Clemson is going to be sitting at home Saturday while other teams are in action thanks to a bye week.
However, that doesn’t mean it’s a time to sit around and do nothing. You should take advantage of the extra time to get off your feet and take a break, but if anything, it provides ample opportunity to examine the areas you went wrong in the first part of the year so you’re able to correct them.
Clemson looked to be in good shape this time last week, but another injury to quarterback Kelly Bryant coupled with a head-scratching loss to Syracuse shook things up a bit. Teams always have issues they need to correct, and the list can be long, but here are three things Clemson needs to take care of as the bye week wraps up and the Tigers begin preparation for Georgia Tech.
I touched on it a bit earlier, but the injury list for Clemson isn’t insignificant. It starts with Bryant, who was gimpy in the first half against Syracuse while he tried to play on the rolled left ankle he suffered the week before against Wake Forest, and his concussion at the end of the second quarter complicated things.
The Tigers need him healthy and ready. Their offense not only dips without him, it becomes ineffective. Mark Fields, A.J. Terrell and Travis Etienne all suffered injuries against Syracuse too, and they’re also vital. Clemson needs all hands on deck now that the margin for error has become almost nonexistent.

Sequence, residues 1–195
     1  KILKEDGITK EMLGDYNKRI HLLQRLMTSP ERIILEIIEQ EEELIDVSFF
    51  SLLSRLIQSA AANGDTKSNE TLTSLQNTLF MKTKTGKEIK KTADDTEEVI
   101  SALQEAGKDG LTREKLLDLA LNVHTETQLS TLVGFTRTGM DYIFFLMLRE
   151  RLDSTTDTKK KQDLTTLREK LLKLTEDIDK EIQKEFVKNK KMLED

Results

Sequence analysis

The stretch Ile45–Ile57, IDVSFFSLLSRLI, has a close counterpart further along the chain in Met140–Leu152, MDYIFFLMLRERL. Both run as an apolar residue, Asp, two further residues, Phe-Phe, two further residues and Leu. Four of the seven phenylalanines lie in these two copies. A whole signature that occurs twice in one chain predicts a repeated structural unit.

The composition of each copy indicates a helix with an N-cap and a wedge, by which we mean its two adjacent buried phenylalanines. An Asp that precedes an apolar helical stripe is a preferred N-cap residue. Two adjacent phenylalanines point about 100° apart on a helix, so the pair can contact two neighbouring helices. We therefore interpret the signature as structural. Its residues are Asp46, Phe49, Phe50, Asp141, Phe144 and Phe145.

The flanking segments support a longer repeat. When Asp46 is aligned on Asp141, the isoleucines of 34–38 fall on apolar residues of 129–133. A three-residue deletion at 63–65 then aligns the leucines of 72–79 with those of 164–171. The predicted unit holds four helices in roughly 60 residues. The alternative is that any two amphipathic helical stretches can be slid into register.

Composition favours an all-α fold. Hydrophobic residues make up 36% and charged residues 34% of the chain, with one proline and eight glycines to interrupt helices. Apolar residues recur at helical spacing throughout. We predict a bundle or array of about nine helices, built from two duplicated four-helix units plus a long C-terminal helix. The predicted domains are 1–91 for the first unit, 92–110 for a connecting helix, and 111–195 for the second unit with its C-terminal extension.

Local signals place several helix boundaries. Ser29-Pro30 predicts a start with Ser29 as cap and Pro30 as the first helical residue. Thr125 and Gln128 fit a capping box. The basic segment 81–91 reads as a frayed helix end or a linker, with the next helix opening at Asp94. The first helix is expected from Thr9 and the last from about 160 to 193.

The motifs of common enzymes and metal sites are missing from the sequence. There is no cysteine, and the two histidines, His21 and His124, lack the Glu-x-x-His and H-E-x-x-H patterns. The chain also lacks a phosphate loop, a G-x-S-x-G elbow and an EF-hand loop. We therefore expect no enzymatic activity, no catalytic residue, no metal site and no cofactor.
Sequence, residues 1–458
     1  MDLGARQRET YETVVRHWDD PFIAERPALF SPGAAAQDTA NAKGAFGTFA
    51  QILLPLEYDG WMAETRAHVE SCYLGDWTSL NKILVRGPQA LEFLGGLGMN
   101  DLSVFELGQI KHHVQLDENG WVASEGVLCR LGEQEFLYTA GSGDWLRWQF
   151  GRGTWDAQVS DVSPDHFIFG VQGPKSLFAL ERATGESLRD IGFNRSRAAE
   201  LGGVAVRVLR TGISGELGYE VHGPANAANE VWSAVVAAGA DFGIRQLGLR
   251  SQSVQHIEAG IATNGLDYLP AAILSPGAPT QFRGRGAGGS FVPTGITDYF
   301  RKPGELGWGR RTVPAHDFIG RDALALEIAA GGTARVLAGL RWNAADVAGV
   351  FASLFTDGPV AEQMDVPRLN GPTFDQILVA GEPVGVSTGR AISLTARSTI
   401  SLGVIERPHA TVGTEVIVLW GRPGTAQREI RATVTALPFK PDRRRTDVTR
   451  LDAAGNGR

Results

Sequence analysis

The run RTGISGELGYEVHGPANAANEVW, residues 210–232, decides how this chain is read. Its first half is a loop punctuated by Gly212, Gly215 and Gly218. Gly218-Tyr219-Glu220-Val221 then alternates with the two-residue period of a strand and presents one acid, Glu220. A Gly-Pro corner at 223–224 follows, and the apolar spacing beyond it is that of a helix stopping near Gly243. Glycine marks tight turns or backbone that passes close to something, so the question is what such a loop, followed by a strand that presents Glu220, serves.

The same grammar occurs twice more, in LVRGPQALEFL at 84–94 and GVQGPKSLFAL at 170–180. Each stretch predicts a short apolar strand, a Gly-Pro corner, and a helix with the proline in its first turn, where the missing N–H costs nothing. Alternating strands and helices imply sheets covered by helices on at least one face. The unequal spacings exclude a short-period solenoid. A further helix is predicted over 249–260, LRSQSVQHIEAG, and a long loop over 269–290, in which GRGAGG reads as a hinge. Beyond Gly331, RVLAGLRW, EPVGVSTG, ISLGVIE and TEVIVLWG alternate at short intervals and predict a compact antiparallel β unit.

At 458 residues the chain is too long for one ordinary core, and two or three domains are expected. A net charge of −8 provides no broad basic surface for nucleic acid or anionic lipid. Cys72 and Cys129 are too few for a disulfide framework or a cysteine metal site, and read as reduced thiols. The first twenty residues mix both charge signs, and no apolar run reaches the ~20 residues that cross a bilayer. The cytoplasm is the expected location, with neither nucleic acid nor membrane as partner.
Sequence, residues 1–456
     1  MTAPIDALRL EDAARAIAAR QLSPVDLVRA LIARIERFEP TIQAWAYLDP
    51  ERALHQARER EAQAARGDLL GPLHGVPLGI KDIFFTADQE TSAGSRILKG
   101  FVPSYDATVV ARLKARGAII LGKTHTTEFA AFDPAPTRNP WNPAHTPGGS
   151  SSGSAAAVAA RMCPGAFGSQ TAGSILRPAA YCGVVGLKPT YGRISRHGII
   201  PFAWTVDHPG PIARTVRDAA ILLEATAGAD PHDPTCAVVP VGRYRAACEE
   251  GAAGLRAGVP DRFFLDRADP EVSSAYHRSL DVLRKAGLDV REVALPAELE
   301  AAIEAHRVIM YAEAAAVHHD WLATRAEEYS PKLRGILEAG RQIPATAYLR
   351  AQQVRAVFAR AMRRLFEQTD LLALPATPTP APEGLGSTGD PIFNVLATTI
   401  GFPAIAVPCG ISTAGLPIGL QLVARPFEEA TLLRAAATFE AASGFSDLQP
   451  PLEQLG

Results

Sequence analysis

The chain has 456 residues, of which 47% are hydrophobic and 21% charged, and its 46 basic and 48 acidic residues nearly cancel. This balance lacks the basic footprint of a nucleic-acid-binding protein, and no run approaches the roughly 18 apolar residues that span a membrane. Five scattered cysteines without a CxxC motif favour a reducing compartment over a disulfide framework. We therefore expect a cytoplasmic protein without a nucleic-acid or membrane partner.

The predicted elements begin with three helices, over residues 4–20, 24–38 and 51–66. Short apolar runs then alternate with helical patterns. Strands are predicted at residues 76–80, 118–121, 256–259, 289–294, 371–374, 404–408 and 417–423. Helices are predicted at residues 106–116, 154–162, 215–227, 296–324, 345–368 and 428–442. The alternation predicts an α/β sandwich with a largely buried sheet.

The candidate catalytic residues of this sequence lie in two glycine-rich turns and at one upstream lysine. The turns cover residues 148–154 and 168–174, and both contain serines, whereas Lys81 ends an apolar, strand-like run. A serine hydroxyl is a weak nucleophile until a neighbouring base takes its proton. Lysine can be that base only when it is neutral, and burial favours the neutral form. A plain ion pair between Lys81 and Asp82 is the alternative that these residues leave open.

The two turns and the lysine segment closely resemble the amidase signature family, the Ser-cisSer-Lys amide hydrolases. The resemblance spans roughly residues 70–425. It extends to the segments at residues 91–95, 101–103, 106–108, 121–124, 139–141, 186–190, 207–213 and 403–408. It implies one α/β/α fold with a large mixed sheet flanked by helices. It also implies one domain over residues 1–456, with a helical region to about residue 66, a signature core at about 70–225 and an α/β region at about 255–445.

Figure out the kicking situation
This one’s been beaten to death already, but it bears repeating simply because of how crucial it is. Clemson’s problems kicking field goals without Greg Huegel are unavoidable, and the Tigers have been examining their options to determine the best course of action.
Whether they’re going to stick with Alex Spence or give consideration to Christian Groomes — or even Drew Costa, who’s being brought on with a ‘kick-by-kick’ contract, as Dabo Swinney put it — Clemson has to solve whatever’s going on there. They can’t afford to be in a position where a field goal would preserve a win and keep playoff hopes alive, only to fall short.
Identify how to stop dual-threat quarterbacks
The two games where opposing offenses have performed the best against Clemson’s defense this year have both occurred when the opponent’s quarterback was a threat to throw and run. Lamar Jackson and Louisville scored 21 points — Jackson threw for 317 yards and ran for 64 more, but the Cardinals’ defense was leaky enough to where Clemson could easily outscore them.
And we all know what happened against Syracuse. Eric Dungey carved up the Tigers defense for 278 yards, and he picked up 61 yards on the ground. For whatever reason, Clemson’s defense has trouble containing quarterbacks that aren’t limited to being pocket passers.It doesn’t get any easier, because Clemson’s first game after the break is against Georgia Tech, and TaQuon Marshall is just as potent. Granted, the Yellow Jackets run an option offense where passing is limited, but the threat is there.
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